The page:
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After that admission there’s no holding back, Don’t Stop Me Now augmented by an incredible roller-coaster-type backdrop that takes things to a whole new level, the song’s tumbling dynamic given a visual counterpoint that works wonderfully. Taylor pops up at the end of the catwalk among the crowd – beneath a hastily assembled and only partially successful structure to keep them dry – and offers the wonky I’m In Love With My Car, before Bicycle Race and Fat Bottomed Girls unite to prove ridiculously anthemic in the flesh, their strange arrangements almost demanding a singalong.

Another One Bites The Dust brings an element of twisted disco to proceedings, Lambert seeming to grow in confidence as the set progresses, snarling the lyrics of hedonism anthem I Want It All as if it were his birth-right to be here upon this stage, tonight, playing these songs. 

There’s a relative lull in proceedings as things are pulled back, May grabbing his acoustic guitar to offer the winsome Love Of My Life – joined by Freddie on the giant screen as they duet across the ages, the entire arena awash in the glow of thousands of mobile phone lights – and then the tranquil ’39, Lambert and Taylor clawing back the spotlight as they share vocals on Doing All Right.

And from here – as you’d expect – it's just a cavalcade of hits and (albeit strange) memories, classic Queen tracks like Crazy Little Thing Called Love and Under Pressure augmented by off-kilter covers in Led Zepplin’s Whole Lotta Love and The King’s Heartbreak Hotel. The yearning majesty of Somebody To Love segues into the inspiring I Want To Break Free. Who Wants To Live Forever pines, seemingly perfect in these most Highlander of conditions, while a huge animated backdrop of whirling constellations and space imagery – no doubt a nod to May’s background in astrophysics – ends in the guitarist playing a long and convoluted solo as he’s lowered down on top of an asteroid. It’s all happening even in the still-torrential rain, everybody lapping it up as if being completely sodden is the new normal.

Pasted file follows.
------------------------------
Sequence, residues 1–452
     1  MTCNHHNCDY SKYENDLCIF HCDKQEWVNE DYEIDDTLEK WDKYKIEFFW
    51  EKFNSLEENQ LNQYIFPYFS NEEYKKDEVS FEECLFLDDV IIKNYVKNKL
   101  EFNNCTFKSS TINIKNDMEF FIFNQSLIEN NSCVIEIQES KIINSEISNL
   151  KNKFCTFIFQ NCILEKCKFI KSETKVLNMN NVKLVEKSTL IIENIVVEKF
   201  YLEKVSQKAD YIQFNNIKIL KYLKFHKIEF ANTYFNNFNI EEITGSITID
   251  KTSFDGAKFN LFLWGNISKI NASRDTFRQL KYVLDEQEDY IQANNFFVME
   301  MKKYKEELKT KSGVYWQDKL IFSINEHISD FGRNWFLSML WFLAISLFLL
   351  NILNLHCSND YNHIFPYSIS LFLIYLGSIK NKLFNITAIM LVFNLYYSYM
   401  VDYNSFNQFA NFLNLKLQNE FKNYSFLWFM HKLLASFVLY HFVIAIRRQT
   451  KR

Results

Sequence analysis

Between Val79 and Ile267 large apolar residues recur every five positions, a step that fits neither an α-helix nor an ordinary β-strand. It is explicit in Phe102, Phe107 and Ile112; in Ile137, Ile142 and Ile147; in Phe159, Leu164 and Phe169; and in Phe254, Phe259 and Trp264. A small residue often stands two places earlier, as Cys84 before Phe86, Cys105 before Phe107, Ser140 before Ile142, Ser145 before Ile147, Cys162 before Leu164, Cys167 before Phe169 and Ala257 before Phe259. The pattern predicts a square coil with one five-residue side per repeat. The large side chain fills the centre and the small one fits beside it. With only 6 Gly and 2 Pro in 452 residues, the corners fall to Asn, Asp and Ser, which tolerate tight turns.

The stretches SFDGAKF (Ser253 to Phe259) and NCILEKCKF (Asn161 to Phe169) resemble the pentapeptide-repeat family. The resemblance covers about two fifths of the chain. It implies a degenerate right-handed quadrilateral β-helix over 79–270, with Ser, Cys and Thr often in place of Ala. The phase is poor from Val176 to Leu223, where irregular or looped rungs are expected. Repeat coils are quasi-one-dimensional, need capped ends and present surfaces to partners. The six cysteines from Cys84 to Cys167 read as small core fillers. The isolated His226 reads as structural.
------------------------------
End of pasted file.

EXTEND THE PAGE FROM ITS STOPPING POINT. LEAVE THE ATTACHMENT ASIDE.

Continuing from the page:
Tie Your Mother Down and Radio Ga Ga both sound wonderful – coming as they do from opposite ends of the Queen spectrum – and as they end on the eternal Bohemian Rhapsody, Lambert finally comes into his own, owning that most inimitable of performances and delivering a rendition good enough to send shivers down the spine, the whole stadium going full Wayne’s World as they get to the breakdown, heads banging away everywhere in wonderful unison.

There’s a short break but the band return to complete what they started – to a man they’ve been incredibly stoic tonight given the conditions – and the night ends with a rousing mass version of We Are The Champions, perfectly befitting a stadium full of people who’ve deserved the epithet of ‘champion’ for tonight’s incredible display of endurance. 

As we head wearily into the downpour those nagging doubts of yore have been fully assuaged – these songs are amazing and deserve to still be celebrated, even if only half the original band is present. Lambert does a fine job, the production is superb, and – as Freddie himself was so prone to say (and sing) – the show must go on...